Useful Tricks on How to Write a Persuasive Essay: Use an Example
The first part of writing any persuasive essay is the prewriting phases, and it is the part of the process that most people overlook or gloss over. The prewriting phase for a persuasive essay is possibly the most important part. This is where students can plan and layout every aspect of their essay from start to finish in order to make sure it is a strong as it can be.
- Choose the position you will take. Students need to pick an issue tow rite about and then choose the side they are going to argue for or against.
- Understand who your target audience is. When you understand who will be reading your paper, you can better choose your examples, points, and better formulate your arguments.
- Conduct your research. A persuasive essay can only stand when it is based on solid evidence. Do not base your entire paper off of one single source, because if that one source can be discredited your entire paper falls apart. Speak with experts, red books and journals, and do your research so you can prepare the best arguments possible.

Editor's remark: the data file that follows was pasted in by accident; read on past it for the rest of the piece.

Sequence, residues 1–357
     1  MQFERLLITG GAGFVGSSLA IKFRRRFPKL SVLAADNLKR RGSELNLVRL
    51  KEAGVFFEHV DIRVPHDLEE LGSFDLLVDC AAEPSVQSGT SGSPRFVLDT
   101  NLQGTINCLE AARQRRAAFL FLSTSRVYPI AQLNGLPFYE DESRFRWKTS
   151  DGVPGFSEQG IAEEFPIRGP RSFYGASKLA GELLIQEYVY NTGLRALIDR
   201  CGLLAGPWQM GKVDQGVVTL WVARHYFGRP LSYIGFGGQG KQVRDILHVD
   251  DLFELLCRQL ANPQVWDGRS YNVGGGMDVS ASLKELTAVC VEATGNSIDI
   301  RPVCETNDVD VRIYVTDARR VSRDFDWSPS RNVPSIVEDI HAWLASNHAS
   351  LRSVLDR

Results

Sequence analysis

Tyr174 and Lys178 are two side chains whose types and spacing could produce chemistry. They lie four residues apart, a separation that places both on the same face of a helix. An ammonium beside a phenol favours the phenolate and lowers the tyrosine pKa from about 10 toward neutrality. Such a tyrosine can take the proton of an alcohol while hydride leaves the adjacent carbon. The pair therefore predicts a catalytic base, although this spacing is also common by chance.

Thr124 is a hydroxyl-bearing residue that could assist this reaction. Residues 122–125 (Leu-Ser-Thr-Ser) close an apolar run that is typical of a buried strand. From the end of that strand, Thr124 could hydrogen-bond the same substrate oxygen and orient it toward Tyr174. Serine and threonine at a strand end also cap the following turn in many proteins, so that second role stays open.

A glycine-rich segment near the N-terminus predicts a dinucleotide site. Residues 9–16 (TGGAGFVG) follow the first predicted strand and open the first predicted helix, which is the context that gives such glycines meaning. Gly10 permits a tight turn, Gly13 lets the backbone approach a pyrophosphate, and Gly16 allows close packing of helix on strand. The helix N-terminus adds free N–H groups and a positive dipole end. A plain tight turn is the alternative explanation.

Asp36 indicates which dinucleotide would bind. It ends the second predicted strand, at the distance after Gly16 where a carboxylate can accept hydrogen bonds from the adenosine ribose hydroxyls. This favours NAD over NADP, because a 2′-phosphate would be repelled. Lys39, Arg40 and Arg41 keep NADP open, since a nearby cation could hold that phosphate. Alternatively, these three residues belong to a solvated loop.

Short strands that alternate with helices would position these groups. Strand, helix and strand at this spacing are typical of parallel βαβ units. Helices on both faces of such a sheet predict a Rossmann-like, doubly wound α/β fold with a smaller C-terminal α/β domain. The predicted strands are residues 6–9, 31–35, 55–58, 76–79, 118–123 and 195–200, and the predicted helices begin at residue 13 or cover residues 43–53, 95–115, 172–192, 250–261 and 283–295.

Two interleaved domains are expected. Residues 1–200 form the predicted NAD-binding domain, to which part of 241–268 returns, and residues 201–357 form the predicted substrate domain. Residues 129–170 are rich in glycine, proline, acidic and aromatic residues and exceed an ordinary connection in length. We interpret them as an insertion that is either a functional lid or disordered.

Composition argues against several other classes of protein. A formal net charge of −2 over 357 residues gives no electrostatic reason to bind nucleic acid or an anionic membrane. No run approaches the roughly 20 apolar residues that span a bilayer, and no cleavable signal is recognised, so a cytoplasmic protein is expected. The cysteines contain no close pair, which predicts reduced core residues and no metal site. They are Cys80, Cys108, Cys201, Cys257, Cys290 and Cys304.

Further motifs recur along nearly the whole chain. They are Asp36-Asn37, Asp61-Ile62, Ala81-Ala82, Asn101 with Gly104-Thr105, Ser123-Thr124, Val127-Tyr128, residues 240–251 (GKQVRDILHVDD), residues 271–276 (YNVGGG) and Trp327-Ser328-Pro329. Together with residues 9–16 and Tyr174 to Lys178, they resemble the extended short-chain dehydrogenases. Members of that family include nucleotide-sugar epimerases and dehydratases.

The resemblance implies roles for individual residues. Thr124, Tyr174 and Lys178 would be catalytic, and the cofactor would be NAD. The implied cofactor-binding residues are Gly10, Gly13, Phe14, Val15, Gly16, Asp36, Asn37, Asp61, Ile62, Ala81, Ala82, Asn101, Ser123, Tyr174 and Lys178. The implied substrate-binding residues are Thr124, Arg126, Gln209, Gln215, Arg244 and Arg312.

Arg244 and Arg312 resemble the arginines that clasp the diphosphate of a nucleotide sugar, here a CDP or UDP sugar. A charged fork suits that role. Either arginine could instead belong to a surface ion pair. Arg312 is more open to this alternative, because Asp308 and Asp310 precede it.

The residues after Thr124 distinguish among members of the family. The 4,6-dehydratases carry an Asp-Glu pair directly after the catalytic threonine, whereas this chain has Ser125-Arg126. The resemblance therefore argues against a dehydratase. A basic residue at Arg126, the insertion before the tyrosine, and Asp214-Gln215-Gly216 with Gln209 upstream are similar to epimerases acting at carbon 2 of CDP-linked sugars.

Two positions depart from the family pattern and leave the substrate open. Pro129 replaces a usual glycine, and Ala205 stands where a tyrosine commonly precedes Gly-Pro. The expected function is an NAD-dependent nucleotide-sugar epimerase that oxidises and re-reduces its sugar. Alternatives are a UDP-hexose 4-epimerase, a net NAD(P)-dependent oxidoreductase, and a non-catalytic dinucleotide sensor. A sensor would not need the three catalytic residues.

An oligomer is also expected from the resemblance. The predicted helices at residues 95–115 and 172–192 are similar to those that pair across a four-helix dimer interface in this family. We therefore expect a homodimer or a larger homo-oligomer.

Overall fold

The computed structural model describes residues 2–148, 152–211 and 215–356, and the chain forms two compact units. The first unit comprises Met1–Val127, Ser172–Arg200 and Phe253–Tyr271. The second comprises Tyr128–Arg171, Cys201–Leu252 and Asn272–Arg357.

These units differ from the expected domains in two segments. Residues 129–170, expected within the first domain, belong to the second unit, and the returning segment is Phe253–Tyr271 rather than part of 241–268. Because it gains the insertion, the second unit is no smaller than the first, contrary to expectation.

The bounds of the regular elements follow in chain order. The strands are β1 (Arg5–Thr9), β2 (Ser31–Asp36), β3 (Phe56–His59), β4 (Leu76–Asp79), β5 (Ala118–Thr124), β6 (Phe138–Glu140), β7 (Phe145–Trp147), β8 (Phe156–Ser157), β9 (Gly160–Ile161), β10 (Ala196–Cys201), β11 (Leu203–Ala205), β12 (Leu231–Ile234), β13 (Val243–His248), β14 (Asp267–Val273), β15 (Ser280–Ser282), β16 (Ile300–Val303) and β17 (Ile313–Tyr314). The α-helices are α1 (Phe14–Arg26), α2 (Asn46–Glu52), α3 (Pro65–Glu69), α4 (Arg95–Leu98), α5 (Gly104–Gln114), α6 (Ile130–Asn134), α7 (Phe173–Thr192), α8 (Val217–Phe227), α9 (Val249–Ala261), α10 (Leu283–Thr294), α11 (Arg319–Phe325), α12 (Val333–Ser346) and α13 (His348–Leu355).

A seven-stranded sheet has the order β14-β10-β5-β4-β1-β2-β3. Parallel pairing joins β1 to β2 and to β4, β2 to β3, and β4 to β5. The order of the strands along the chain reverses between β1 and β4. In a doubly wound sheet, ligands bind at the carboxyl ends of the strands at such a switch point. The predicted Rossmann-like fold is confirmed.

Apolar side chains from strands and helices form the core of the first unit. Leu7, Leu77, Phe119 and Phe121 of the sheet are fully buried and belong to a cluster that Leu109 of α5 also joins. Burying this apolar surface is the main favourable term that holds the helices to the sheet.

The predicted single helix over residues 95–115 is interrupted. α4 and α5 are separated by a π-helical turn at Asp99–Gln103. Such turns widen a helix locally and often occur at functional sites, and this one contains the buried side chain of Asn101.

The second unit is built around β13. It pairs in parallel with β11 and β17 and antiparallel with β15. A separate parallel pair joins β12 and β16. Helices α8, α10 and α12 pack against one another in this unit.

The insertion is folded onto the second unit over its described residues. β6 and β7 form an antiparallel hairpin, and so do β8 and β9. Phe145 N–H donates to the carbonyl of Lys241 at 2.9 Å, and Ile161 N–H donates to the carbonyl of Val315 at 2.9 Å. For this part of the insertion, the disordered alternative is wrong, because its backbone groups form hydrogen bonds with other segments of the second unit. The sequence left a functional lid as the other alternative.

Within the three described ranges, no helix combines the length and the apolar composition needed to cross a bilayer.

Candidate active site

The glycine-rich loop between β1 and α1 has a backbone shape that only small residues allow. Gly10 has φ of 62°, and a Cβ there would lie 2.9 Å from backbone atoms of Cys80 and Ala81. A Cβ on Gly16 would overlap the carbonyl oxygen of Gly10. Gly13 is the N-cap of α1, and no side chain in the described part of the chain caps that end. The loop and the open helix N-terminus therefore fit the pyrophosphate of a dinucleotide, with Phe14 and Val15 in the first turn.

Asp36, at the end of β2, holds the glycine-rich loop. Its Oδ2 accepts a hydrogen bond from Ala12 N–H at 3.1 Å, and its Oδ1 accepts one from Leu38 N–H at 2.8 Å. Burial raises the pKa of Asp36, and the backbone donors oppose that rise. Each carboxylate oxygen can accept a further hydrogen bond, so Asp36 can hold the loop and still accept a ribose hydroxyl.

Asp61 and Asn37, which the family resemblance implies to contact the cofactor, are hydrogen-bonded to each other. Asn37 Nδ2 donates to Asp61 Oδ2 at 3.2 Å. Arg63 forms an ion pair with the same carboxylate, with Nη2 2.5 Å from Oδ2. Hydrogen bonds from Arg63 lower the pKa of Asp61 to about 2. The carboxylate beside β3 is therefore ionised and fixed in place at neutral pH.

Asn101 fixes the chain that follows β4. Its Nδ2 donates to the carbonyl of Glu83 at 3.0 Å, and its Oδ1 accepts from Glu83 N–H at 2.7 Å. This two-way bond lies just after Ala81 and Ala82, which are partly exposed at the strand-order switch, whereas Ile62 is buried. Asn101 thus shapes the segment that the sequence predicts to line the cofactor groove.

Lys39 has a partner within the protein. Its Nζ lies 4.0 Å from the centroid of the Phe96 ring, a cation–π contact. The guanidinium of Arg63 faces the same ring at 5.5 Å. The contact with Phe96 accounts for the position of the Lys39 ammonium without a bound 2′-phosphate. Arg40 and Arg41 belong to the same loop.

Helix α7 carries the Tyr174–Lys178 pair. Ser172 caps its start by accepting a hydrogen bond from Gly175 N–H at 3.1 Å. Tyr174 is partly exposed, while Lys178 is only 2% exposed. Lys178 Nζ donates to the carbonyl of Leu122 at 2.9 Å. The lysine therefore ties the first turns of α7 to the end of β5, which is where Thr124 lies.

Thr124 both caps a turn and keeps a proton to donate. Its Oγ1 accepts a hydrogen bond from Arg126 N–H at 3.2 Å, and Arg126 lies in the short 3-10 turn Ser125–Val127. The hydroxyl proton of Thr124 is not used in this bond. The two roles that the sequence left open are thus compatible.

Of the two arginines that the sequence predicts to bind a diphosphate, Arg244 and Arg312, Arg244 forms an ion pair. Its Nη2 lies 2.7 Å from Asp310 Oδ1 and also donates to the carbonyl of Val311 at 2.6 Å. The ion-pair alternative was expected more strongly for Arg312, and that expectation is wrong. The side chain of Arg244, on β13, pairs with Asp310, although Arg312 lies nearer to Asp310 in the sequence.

When the time comes to start writing the initial draft, consider these suggestions:
- Your introduction paragraph needs to have a strong example that you can use as a hook to grab the reader’s attention and make them want to read your paper and that will also make them care about your chosen topic.
- Develop a strong thesis statement that clearly outlines your stance on the topic and that informs the reader of whether you are arguing for or against the topic.
- Each body paragraph must contain strong examples and data that support the ideas and points you are laying out in your essay.
- It is ok to use both literal examples and hypothetical examples, so long as they always tie back to an actual example or piece of data that related back to your main thesis statement.
- End your paper with a conclusion and restate your thesis and summarize the main points you have made throughout the body of the paper; end the conclusion with a strong call to action or a final message the reader should remember.
Keeping these points in mind, and using strong examples in all of your argument points, can help you craft a very convincing argument or persuasive paper for your instructor.